- The Washington Times - Friday, May 10, 2002

ANNAPOLIS Maryland Gov. Parris N. Glendening yesterday stopped all state executions including one corrections officials were scheduled to carry out next week until a study of whether the death penalty has been applied fairly is completed and analyzed.
Mr. Glendening said the high number of black inmates on death row and the fact that most of the victims in state death-penalty cases were white raised questions about racial bias. He also cited concerns about geographic bias, particularly in Baltimore County. Wesley Eugene Baker, whose execution was delayed by the moratorium, was convicted in Baltimore County.
"When nine of 13 people on death row come from one jurisdiction and that jurisdiction doesn't have a high homicide rate, that does raise some questions," Mr. Glendening said.
The University of Maryland is conducting the state-commissioned study on whether death sentences are unfairly meted out to minorities and the poor. A report on the study is to be issued this fall.
Mr. Glendening, a Democrat and death-penalty supporter, said lawmakers "need to talk about having some kind of statewide standard."
Maryland is the second state behind Illinois to impose a moratorium on executions. The state has executed two men since Mr. Glendening became governor in 1995. He granted clemency in only one of three cases.
Until yesterday, the governor repeatedly said he saw no need for a moratorium because he reviews each case closely.
But in his announcement, he said "there is a logical inconsistency to say we are reviewing the fairness of the process" while going ahead with executions.
Death-penalty opponents and Lt. Gov. Kathleen Kennedy Townsend a death- penalty proponent and the front-runner for the Democratic gubernatorial nomination have been lobbying Mr. Glendening to impose a moratorium. But Mr. Glendening, who leaves office in January, said Mrs. Townsend's request did not affect his decision.
Mr. Glendening's successor will have to decide whether to continue the moratorium; the governor said he hopes and expects it will continue for at least a year, which will give state lawmakers time to consider the study's findings.
Mrs. Townsend said Mr. Glendening's decision provides an "opportunity" to be sure that use of the death penalty is "as fair and just as possible," her campaign spokeswoman Kate Phillips said.
Republican gubernatorial candidate Robert L. Ehrlich Jr. disagreed with the governor's decision to stop all executions and delay Baker's death by lethal injection. He said he finds "the timing particularly hurtful to the victims."
"If I were in his shoes, I'd be looking hard at issues of guilt or innocence," Mr. Ehrlich said. "I'm not insensitive to race issues, [but] I haven't seen any evidence that race plays a part in this case."
The moratorium does not commute the sentences of Baker or any of four other death-row inmates whose appeals could be exhausted before Mr. Glendening's term ends.
"My decision is in no way based on the specifics of [Bakers] case or others," Mr. Glendening said. "I do know that the crimes for which they were convicted and sentenced were vicious and that they are precisely the type of terrible murders that call for the ultimate penalty."
Baltimore County Assistant State's Attorney Ann Brobst, who prosecuted Baker, defended the county's record, noting that five of the nine death-row inmates convicted for crimes in her jurisdiction were tried elsewhere.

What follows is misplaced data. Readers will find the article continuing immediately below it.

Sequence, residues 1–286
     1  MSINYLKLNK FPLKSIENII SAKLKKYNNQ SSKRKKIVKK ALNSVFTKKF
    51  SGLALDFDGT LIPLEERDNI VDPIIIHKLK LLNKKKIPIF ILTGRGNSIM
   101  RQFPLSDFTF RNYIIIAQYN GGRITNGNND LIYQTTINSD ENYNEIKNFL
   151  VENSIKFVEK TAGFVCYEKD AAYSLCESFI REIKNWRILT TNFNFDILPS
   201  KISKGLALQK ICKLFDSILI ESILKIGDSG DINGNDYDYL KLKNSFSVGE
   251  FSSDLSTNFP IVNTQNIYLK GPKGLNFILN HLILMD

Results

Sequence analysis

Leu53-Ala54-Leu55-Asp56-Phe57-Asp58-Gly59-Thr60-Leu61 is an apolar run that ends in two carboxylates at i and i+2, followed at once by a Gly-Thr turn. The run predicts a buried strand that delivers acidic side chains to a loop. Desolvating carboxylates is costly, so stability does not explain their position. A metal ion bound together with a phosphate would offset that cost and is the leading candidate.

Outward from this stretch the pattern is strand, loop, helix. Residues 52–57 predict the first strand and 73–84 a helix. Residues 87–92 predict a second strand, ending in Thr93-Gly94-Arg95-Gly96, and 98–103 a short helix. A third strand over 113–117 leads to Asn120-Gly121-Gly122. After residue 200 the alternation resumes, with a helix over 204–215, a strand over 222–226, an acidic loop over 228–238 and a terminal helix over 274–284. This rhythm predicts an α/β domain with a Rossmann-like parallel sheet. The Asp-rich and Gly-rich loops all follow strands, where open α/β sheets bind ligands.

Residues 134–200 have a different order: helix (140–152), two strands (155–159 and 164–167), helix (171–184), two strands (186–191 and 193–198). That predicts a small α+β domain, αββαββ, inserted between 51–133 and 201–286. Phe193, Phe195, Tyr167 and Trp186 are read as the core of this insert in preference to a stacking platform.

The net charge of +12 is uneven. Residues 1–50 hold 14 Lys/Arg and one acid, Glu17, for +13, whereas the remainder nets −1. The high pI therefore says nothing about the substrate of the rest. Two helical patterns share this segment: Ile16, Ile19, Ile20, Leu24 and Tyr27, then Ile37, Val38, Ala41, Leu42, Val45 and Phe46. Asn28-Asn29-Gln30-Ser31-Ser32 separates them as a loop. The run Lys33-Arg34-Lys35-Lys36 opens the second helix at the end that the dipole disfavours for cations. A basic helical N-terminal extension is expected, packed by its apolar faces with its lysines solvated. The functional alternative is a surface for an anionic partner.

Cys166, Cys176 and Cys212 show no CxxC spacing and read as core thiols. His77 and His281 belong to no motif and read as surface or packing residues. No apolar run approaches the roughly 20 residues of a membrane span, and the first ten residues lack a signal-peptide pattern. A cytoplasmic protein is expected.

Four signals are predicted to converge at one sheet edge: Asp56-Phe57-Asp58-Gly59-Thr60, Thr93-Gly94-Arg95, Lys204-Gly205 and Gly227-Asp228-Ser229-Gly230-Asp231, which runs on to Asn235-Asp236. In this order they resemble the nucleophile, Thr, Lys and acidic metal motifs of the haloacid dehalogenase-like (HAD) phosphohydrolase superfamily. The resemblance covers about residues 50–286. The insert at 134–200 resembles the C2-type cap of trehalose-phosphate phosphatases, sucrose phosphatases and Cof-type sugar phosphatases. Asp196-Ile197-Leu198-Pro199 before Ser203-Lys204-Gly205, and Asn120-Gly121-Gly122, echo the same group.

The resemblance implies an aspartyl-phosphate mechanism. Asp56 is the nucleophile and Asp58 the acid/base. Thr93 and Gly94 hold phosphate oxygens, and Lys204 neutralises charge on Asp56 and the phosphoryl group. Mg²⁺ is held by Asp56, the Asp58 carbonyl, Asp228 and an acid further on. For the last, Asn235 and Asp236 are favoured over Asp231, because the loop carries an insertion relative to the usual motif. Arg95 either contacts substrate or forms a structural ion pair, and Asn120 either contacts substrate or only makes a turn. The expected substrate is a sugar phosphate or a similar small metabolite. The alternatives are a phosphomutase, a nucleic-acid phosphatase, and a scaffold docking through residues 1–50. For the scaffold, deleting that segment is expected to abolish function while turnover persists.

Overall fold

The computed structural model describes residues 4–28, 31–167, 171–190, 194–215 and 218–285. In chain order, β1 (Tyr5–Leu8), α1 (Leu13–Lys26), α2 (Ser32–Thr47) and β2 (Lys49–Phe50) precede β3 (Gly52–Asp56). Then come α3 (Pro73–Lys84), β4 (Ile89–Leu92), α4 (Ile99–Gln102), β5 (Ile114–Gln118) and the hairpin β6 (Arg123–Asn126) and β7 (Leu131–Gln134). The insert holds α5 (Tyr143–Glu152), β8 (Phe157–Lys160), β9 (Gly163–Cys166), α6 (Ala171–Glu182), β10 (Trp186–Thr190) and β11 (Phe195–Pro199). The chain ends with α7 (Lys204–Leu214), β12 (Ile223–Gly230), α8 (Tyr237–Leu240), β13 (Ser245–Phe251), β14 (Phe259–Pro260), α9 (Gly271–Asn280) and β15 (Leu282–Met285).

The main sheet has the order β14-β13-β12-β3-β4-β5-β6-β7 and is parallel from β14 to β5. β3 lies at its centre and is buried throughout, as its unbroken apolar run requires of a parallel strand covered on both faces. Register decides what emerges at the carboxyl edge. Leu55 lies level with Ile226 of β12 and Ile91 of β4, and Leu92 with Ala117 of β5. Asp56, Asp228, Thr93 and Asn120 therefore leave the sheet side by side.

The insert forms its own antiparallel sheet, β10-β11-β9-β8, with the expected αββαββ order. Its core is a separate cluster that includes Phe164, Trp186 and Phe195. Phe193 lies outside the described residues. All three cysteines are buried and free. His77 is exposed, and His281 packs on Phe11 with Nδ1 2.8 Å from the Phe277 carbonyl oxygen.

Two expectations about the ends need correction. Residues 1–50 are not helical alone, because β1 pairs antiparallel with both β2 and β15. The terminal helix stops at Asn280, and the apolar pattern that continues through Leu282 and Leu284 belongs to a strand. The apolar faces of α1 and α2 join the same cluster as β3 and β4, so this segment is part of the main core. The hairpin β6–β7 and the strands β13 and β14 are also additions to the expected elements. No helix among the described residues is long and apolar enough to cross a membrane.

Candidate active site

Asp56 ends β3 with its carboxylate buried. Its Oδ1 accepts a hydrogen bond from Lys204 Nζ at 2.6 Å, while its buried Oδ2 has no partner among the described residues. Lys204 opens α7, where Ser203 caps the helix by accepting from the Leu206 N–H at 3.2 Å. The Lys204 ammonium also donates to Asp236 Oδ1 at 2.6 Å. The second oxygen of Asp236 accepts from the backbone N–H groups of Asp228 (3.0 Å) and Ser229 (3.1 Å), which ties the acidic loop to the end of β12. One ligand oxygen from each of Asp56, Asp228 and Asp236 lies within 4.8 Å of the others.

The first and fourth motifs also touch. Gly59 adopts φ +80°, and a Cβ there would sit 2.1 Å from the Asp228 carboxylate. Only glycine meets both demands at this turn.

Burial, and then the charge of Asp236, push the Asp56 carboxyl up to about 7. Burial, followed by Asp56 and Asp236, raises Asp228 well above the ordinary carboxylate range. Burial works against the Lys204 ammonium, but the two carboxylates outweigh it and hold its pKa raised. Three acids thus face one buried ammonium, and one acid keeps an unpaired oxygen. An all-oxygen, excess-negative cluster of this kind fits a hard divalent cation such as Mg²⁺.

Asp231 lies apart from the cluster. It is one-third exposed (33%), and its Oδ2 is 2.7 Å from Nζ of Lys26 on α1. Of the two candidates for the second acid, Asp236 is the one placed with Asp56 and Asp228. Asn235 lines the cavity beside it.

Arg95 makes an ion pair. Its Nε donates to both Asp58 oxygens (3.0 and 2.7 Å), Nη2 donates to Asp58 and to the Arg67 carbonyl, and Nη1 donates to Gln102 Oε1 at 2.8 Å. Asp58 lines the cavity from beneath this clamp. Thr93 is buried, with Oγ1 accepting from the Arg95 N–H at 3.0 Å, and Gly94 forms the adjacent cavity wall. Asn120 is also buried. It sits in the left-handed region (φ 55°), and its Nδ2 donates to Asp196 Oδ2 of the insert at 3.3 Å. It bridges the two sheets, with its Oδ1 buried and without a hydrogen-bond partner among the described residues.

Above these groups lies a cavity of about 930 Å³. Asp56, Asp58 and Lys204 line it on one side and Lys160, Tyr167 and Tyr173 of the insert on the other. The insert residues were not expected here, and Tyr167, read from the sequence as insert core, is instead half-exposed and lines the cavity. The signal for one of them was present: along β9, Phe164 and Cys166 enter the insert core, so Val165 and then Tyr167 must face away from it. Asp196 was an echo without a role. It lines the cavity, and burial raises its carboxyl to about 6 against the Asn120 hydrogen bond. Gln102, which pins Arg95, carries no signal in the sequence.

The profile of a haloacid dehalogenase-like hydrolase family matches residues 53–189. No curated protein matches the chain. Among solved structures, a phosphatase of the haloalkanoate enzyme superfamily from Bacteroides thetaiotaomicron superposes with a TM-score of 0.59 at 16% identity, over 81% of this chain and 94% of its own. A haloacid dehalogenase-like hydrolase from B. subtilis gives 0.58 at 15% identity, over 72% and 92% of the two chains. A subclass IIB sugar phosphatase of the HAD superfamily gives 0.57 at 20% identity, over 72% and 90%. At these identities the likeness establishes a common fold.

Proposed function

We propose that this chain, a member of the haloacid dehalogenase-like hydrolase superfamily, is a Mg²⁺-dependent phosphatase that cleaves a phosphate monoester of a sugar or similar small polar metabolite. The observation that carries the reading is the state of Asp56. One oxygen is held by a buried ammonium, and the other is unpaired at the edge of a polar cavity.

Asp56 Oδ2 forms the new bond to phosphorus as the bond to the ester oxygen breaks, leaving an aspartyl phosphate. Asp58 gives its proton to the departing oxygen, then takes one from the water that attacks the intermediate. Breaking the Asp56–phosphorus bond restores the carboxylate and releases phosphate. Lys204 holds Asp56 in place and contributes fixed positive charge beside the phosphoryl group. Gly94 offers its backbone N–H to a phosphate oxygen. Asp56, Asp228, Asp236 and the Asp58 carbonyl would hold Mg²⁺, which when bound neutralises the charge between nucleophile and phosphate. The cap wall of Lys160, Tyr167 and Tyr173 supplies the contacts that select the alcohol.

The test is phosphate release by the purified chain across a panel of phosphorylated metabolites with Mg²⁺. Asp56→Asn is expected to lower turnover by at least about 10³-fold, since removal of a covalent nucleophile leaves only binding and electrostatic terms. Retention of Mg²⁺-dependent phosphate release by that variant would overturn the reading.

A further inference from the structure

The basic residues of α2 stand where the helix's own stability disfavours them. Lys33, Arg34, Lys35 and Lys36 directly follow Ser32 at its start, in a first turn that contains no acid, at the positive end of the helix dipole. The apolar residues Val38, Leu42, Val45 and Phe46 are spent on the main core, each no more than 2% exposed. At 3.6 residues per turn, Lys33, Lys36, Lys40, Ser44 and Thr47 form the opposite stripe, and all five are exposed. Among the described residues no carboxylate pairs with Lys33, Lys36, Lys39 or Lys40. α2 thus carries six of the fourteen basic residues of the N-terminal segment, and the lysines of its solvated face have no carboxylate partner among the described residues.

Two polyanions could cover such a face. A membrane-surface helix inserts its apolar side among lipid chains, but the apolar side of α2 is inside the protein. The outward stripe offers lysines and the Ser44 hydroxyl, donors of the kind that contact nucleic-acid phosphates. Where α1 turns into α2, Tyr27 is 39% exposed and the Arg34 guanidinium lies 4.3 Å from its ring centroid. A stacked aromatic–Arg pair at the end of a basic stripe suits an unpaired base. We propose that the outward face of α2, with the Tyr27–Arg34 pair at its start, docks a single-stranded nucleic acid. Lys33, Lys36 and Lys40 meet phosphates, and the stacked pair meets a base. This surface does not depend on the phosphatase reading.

Ms. Brobst also said statistics are skewed because Baltimore County State's Attorney Sandra O'Connor seeks the death penalty in nearly all eligible cases, whereas her counterparts in the state's other largest jurisdictions Baltimore city and Prince George's and Montgomery counties seldom do.
Baker was convicted of shooting and killing Jane Tyson and stealing her purse, as she and two of her grandchildren were getting into her Buick, on June 6, 1991, at a mall near her Catonsville home.
Scott Faust testified that he saw a blue Chevrolet Blazer parked alongside the Buick, then saw two men jump into the Blazer and speed away.
He told the court he saw Mrs. Tyson lying on the ground bleeding and saw a woman run to help a little girl who was screaming, "Mom Mom's shot."
Mr. Faust said he pursued the Blazer, recorded the license plate number and relayed it to police.
Two Baltimore County officers pursued the Blazer. When the Blazer was blocked, Baker jumped from the passenger seat and fled. Officers arrested the driver, Gregory Lawrence, who described Baker.
Blood was on Baker's leg, pants, sock and shoe when police caught him. Police said they saw no blood on Lawrence.
According to court testimony, the blood on Baker did not match his own or Lawrence's, but proteins in the blood matched those found in 1 percent of the population, including Mrs. Tyson.
Her ATM card was found on the Blazer's passenger side and the gun used to shoot her was found between the seats. Her purse and wallet were found on the path along which Baker fled and his fingerprints were found on the passenger side of the Blazer and the driver's side of Mrs. Tyson's Buick.
The human rights group Amnesty International yesterday noted that the U.S. 4th Circuit Court of Appeals said "the evidence that Baker shot Tyson was not overwhelming."
Adam Sulewski, who was 6 years old when he saw his grandmother shot, said yesterday he tried not to dwell on her death.
"I just try to keep it off my mind," he said.
Franklin W. Draper, who is part of the Baltimore-based team of public defenders who have represented Baker, said they are "gratified" by the support they've gotten and Mr. Glendening's "courageous" decision.
"We realize what the governor's action is and isn't," Mr. Draper said. "Clemency is still pending. We're now looking at the bigger issue of whether the death penalty is fairly imposed."

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